Do “Frontal tests�? measure executive function? Issues of assessment and evidence from fluency tests

Louise H. Phillips*

*Corresponding author for this work

Research output: Chapter in Book/Report/Conference proceedingChapter

Abstract

The executive processes which control and regulate cognition have been the subject of intense interest in recent years. In particular there has been a growing consensus that the frontal lobes of the brain are intimately involved in executive function (e.g. Duncan, 1986; Shallice, 1988; Stuss & Benson, 1986). There have also been a large number of studies into childhood development of frontal and executive function (e.g. Riccio, Hall, Morgan, Hynd, Gonzalez, & Marshall, 1994); the operation of executive processes in adulthood and normal ageing (e.g. Parkin & Walter, 1992); and the effects of degenerative diseases on executive function (e.g. Bhutani, Montaldi, Brooks, & McCulloch, 1992). Most of this research involves tasks which are interchangeably called “frontal lobe�? or “executive�? tests, commonly accepted within neuropsychology as measures of executive function. However, the term “frontal lobe tests�? is problematic because such measures are often not sensitive to, or specific to, lesions in that particular brain area (Reitan & Wolfson, 1994). Also, the use of the term “executive tests�? seems somewhat premature, given that little is known about the reasons for poor performance, and few studies have attempted to determine whether these tasks really assess executive function. Nevertheless, these “executive�? tests are widely used in both clinical and healthy populations, so it is imperative that we increase our understanding of the factors influencing performance upon them.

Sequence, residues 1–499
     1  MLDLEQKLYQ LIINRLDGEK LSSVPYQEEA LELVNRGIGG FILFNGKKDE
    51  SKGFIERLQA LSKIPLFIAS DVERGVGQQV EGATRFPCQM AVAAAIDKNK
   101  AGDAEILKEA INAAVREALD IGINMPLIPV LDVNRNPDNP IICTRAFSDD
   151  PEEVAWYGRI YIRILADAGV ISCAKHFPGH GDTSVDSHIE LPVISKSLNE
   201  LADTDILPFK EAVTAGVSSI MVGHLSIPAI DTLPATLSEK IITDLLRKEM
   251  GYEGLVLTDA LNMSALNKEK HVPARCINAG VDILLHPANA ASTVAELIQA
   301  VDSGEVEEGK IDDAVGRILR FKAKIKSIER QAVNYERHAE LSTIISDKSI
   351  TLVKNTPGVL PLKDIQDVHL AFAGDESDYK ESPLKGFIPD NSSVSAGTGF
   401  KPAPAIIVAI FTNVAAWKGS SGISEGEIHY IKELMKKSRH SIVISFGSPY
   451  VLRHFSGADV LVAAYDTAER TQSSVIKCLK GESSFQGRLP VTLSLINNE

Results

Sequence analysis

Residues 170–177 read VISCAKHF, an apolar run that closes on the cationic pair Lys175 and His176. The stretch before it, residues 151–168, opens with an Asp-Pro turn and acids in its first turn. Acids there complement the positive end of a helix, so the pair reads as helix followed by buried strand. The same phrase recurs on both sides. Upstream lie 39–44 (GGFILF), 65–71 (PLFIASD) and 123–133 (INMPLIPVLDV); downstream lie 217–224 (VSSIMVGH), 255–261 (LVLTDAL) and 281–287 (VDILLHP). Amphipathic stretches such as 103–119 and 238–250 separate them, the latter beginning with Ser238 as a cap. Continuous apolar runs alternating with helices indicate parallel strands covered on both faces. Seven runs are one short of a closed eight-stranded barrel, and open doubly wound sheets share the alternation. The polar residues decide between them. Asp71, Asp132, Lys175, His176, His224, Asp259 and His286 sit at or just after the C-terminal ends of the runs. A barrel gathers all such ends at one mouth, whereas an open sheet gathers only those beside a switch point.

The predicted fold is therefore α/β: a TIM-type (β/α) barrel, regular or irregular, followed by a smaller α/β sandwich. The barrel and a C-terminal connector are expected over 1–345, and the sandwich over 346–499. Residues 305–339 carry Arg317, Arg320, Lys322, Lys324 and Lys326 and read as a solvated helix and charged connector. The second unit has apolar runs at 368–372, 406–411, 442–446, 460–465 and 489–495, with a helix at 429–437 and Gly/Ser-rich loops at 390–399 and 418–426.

Original languageEnglish
Title of host publicationMethodology of Frontal and Executive Function
PublisherTaylor and Francis AS
Pages185-207
Number of pages23
ISBN (Electronic)0203344189, 9781135472030
ISBN (Print)0863774857, 9781138877139
DOIs
Publication statusPublished - 1 Jan 2004

ASJC Scopus subject areas

  • Psychology(all)

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